Did you know that the artificial VOC's emitted from consumer products like laundry fragrance (VCP's for short) have surpassed tailpipe emissions in polluting cities? Yep, it's true. Studies of the sources of VOC air pollution in cities across the US and Europe have found toxic chemicals from household products in higher concentration than the pollution from cars. (For the original NOAA study in 2018 that launched this area of research, see this press release. Several studies measuring the household product VOC levels in various cities since then have found percentages of VOCs from household products as high as 78% in densely populated areas such as Manhattan, as shown in the map above.)
These products also contribute to poor indoor air quality and environmental illness. A 2016 study revealed that 35% of the US population reports adverse health effects like migraine headaches from exposure to fragranced products.
If the health effects weren't sufficient reason to move to fragrance-free laundry products, the manufacture of petrochemical fragrance chemicals releases carbon dioxide and other greenhouse gases into the atmosphere.
It goes without saying that the first step is to avoid dry cleaning, but even home laundry products tend to be bad for both indoor and outdoor air quality. The trend recently has been to ever more highly fragranced detergents and softeners. Many of the so-called "green" laundry products, like Mrs. Meyer's, actually contain artificial fragrance, so to be sure your laundry detergent is actually safe, look for "fragrance free."
Once you stop wearing and sleeping in and around fabric that has been washed in artificially fragranced laundry products, you may find, as we did, that reactions like headaches go away. We also discovered that the fragrance had been making us "nose-blind," and that when we switched to unscented products, we could smell natural scents like trees and flowers more acutely. Even our food tastes better!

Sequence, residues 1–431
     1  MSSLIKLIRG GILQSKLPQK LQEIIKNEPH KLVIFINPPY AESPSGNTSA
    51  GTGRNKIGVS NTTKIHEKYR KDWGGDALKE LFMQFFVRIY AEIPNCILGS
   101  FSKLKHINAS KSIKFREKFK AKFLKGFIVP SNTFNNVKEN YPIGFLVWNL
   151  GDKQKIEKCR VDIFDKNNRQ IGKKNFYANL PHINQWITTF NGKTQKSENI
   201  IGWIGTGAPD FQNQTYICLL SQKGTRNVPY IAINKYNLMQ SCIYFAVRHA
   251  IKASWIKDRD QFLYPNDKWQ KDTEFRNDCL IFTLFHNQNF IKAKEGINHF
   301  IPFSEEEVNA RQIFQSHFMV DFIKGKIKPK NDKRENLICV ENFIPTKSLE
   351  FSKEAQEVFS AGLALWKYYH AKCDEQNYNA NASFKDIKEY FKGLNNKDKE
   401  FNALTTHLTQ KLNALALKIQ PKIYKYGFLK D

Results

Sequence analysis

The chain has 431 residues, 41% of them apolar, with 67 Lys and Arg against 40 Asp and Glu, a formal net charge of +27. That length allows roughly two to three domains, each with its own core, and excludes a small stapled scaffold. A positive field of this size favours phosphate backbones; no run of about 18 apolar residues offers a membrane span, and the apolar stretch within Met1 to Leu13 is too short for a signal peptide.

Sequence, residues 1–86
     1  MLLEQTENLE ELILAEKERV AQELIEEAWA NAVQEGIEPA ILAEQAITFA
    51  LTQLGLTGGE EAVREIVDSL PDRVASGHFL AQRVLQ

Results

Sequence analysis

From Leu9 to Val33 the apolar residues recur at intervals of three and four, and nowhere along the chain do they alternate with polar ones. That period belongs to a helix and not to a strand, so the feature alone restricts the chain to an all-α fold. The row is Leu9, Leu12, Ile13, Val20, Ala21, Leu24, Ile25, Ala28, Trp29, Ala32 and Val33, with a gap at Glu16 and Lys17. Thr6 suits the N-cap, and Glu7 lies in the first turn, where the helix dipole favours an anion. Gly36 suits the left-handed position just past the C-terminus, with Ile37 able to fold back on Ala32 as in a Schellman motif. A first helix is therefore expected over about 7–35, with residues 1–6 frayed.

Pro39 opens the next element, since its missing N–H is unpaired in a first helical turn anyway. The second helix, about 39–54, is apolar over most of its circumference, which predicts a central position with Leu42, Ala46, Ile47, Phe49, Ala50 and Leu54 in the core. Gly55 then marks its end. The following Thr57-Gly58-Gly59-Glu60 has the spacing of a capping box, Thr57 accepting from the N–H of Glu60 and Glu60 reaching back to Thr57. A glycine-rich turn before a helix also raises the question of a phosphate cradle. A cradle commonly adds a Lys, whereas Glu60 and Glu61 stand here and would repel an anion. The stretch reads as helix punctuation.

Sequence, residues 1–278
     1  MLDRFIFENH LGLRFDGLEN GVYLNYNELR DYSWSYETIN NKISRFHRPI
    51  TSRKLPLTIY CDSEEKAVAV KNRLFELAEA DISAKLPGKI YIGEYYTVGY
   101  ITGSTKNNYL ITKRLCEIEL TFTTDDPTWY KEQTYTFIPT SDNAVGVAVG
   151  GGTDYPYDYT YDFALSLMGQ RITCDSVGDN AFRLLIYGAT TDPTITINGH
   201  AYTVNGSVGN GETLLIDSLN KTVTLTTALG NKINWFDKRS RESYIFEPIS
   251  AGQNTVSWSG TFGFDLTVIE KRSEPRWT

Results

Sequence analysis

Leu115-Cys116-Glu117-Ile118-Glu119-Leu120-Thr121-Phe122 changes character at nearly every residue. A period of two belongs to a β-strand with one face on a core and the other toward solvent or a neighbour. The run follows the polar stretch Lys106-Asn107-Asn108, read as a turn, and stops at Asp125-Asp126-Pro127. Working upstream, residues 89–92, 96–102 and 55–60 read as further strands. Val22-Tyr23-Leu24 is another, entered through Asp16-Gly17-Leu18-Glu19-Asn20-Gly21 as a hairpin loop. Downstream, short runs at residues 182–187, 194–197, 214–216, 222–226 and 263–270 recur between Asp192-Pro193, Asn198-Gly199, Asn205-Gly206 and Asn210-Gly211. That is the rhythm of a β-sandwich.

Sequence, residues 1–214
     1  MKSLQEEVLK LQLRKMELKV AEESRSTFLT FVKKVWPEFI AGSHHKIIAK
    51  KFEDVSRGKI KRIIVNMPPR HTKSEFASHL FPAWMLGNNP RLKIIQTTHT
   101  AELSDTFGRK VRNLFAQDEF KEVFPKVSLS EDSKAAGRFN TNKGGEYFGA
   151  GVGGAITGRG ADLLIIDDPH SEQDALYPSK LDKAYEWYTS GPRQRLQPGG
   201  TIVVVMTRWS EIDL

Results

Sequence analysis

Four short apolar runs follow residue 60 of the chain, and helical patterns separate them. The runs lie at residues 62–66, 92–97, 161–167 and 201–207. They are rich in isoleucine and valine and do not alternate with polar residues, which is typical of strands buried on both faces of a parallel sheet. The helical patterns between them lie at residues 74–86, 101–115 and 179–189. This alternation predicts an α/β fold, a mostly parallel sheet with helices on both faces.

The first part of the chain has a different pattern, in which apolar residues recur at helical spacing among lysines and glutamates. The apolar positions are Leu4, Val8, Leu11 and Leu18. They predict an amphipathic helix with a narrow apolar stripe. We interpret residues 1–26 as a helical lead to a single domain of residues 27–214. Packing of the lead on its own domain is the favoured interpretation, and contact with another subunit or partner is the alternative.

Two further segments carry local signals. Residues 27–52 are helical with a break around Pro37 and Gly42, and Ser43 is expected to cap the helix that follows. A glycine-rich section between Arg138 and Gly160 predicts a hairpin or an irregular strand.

Here is a list of the laundry products we use. We do not receive any kickbacks from the companies that manufacture these.
Laundry detergent: Biokleen free and clear laundry powder (comes in a cardboard box)
Laundry soap for delicates: Dr. Bronner's unscented castille soap
Laundry booster: Borax (comes in a cardboard box)
Bleach: Biokleen oxygen bleach
Fabric softener: wool dryer balls
Ota is particularly sensitive to petrochemical fragrance molecules, since she sustained liver damage in an accidental overexposure to paint solvent over a decade ago. She cannot even be around people who use fragranced laundry products without getting a headache, and when we lived in Los Angeles, she had to stay indoors on Sundays with an air purifier running, because of the plumes of laundry fragrance emitted from her neighbors' dryer vents. When our college-age kid comes home for the holidays, we provide her all new clothing for her visit, because it is too difficult to remove the residue that her clothing has picked up just from being washed in the dorm laundry.
We are grateful when our friends and family make the switch to unscented laundry products. But there is still the problem of how to get the residual out of the clothes and linens that have been washed in artificially fragranced detergent, or, worse yet, dried with artificially scented dryer sheets.
To remove artificial fragrance from fabric, wash in the warmest possible water for the fabric, using Biokleen laundry detergent and a scoop of Biokleen oxygen bleach. Hang to dry in the sun (the UV will help break down the fragrance molecules). Repeat several times if necessary. Note that it is easier to remove fragrance from natural fiber clothing. Nylon and polyester clothing may never release the fragrance, as the fragrance chemicals are designed to be "sticky," and are chemically compatible with man-made fibers.